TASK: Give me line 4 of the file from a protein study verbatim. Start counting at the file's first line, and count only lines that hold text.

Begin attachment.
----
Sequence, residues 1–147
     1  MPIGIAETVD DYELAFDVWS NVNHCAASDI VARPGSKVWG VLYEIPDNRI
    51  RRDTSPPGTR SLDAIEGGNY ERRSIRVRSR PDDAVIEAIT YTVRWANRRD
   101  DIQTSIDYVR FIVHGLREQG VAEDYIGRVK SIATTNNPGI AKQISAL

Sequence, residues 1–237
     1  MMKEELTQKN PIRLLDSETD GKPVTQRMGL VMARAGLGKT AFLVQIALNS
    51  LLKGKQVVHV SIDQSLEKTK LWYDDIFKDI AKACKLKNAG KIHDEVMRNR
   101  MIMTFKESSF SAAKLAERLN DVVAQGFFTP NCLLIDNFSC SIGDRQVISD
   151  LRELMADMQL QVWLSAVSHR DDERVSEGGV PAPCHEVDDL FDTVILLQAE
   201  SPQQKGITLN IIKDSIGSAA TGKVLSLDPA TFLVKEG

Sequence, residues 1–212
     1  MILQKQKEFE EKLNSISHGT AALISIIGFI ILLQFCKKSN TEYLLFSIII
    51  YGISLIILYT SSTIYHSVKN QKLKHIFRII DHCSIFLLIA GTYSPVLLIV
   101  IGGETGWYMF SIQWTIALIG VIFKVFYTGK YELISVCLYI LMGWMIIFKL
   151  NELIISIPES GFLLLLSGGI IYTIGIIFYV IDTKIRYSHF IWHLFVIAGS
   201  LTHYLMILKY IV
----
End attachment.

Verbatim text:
   101  DIQTSIDYVR FIVHGLREQG VAEDYIGRVK SIATTNNPGI AKQISAL